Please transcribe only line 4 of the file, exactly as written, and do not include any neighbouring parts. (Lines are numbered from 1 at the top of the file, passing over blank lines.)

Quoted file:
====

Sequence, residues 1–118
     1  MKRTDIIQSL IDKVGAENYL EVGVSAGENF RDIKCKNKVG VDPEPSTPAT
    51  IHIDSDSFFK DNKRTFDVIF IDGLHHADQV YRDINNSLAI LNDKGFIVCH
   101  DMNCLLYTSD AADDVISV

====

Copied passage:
   101  DMNCLLYTSD AADDVISV